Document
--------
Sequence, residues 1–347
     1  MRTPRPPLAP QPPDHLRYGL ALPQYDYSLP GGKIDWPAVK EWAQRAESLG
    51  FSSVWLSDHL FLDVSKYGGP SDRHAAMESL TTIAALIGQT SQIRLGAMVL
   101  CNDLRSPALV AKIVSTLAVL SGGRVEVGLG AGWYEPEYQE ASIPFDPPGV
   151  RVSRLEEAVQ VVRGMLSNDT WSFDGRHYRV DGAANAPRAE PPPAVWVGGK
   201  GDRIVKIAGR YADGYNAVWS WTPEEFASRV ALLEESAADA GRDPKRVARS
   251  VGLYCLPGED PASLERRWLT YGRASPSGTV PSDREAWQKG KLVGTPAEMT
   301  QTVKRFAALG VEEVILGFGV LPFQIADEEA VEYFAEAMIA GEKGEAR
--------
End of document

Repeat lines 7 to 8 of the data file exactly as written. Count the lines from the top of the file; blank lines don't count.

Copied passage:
   251  VGLYCLPGED PASLERRWLT YGRASPSGTV PSDREAWQKG KLVGTPAEMT
   301  QTVKRFAALG VEEVILGFGV LPFQIADEEA VEYFAEAMIA GEKGEAR